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Amber is the common name for translucent fossilized tree resin that is appreciated for its inherent beauty. It belongs to a group of gemstones of plant and animal origin, that were formed by living organisms, as well as copal, jet, ivory, bone, antler, horn, rhino horn, tortoiseshell, pearl, shell, coral, and many other less recognized materials. Amber comes in many colors, including yellow, reddish, greenish, whitish, black, and blue. Most of the world's amber is in the range of 30-90 million years old. Heating amber will soften it and eventually it will burn, which is why in Germanic languages the word for amber is a literal translation of BURN-STONE (In German it is Bernstein, in Dutch it is Barnsteen etc.). The Greek name for amber was ELECTRON because of its electrostatic properties and was connected to the Sun God.
The resin contains, in addition to the beautifully preserved plant-structures, numerous remains of insects, spiders, annelids, frogs, crustaceans and other small organisms which became enveloped while the exudation was fluid. Even hair and feathers have occasionally been represented among the enclosures. The occurrence of insects inside amber was duly noticed by the Romans and led them to the correct theory that at some point, amber had to be in a liquid state to cover the bodies of insects.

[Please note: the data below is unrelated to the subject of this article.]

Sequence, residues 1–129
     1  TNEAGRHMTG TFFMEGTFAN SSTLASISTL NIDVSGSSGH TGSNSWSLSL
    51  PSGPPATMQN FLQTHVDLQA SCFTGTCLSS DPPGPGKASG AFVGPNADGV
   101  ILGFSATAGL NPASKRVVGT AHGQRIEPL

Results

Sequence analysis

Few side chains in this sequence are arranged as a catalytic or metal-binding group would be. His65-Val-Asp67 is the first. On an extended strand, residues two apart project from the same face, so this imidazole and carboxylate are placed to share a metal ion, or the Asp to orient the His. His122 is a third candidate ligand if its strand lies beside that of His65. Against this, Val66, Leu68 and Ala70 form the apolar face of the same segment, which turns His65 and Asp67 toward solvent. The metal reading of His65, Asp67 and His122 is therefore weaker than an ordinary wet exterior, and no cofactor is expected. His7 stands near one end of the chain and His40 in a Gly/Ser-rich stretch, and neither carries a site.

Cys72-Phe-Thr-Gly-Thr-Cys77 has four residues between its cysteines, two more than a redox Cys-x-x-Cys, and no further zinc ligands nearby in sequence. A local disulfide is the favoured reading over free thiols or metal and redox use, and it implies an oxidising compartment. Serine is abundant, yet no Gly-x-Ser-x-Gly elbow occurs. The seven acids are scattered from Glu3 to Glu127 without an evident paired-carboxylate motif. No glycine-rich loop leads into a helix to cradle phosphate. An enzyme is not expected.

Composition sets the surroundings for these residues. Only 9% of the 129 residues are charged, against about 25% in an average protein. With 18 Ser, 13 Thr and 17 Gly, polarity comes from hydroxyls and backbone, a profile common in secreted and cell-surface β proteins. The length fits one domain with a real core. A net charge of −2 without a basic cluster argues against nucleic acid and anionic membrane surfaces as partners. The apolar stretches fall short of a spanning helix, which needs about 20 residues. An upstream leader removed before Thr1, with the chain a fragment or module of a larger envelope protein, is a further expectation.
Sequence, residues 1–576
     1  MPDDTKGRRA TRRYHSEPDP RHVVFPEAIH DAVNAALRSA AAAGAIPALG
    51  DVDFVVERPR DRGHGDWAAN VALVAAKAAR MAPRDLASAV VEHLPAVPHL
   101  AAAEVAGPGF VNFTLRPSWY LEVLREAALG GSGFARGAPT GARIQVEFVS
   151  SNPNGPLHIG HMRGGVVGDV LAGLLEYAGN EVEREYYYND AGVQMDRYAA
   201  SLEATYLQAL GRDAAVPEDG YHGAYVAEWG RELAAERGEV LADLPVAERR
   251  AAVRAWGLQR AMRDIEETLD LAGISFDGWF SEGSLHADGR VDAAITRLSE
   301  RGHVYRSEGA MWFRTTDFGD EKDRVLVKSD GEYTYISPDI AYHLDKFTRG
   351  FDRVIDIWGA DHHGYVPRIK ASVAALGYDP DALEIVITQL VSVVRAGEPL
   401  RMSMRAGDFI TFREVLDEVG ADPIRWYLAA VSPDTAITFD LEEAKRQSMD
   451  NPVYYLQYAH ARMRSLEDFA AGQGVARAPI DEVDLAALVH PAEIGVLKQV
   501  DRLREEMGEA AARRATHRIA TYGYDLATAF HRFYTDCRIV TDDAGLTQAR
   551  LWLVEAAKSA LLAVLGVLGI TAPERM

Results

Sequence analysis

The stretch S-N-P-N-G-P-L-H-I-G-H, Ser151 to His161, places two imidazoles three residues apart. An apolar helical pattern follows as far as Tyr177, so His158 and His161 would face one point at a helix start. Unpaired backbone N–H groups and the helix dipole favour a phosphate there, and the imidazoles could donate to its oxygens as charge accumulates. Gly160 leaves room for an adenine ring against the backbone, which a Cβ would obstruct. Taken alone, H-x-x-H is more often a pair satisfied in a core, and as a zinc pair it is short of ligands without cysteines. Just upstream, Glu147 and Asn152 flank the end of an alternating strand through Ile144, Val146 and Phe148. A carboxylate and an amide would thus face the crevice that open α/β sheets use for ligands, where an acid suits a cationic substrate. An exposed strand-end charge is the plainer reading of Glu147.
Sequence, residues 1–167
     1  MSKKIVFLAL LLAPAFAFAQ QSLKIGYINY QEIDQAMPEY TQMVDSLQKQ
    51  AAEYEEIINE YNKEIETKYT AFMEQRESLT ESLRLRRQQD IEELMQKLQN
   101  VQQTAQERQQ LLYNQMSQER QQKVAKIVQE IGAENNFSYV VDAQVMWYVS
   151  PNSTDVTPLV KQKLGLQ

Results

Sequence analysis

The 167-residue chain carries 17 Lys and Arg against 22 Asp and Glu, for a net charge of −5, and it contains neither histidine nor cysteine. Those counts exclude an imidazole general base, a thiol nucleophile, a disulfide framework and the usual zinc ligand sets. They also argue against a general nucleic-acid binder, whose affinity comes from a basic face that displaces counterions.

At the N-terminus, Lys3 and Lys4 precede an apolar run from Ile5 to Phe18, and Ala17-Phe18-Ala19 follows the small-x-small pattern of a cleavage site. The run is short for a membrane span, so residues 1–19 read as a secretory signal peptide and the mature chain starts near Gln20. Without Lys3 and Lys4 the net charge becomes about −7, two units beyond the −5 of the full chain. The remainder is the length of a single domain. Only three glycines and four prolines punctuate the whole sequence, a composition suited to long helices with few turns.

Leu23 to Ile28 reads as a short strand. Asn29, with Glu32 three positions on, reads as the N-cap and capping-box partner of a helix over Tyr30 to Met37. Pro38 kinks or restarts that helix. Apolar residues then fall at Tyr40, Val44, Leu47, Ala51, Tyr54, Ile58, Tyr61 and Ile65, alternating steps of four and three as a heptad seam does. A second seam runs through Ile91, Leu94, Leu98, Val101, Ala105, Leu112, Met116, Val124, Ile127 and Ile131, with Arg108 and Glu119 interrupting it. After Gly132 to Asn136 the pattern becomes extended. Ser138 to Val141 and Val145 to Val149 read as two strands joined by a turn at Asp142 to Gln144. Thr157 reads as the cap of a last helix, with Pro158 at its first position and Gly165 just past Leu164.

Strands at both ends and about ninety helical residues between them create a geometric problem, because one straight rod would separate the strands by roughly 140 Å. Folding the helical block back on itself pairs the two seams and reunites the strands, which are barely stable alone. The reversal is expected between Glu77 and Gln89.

Home to the largest known deposit of amber is the Baltic region, about 90% of the world's extractable amber is located in the Kaliningrad region of Russia on the Baltic Sea. Pieces of amber torn from the seafloor are cast up by the waves, and collected at ebb-tide. Sometimes the searchers wade into the sea, furnished with nets at the end of long poles, which they drag in the sea-weed containing entangled masses of amber; or they dredge from boats in shallow water and rake up amber from between the boulders. A lesser known sources of amber are in the Ukraine, on the east coast of England, on the Mediterranean and on the Adriatic, in Netherlands, Denmark, Dominican Republic, Mexico, in the United States and in Indonesia.
Amber was much valued as an ornamental material in very early times. It has been found in Mycenaean tombs; it is known from lake-dwellings in Switzerland, and it occurs with Neolithic remains in Denmark, whilst in England it is found with interments of the bronze age. A remarkably fine cup turned in amber from a bronze-age barrow at Hove is now in the Brighton Museum. Beads of amber occur with Anglo-Saxon relics in the south of England; and up to a comparatively recent period the material was valued as an amulet. It is still believed to possess a certain medicinal virtue.
The world well known Amber Room in Russia was a collection of chamber wall panels commissioned in 1701 for the King of Prussia, and then given to Tsar Peter the Great. The room was hidden in the Catherine Palace from invading Nazi forces in 1941, who upon finding it in the palace, disassembled it and moved it to Konigsberg. What happened to the room beyond this point is unclear. Amber Room is presumed lost, but it was successfully re-created in 2003.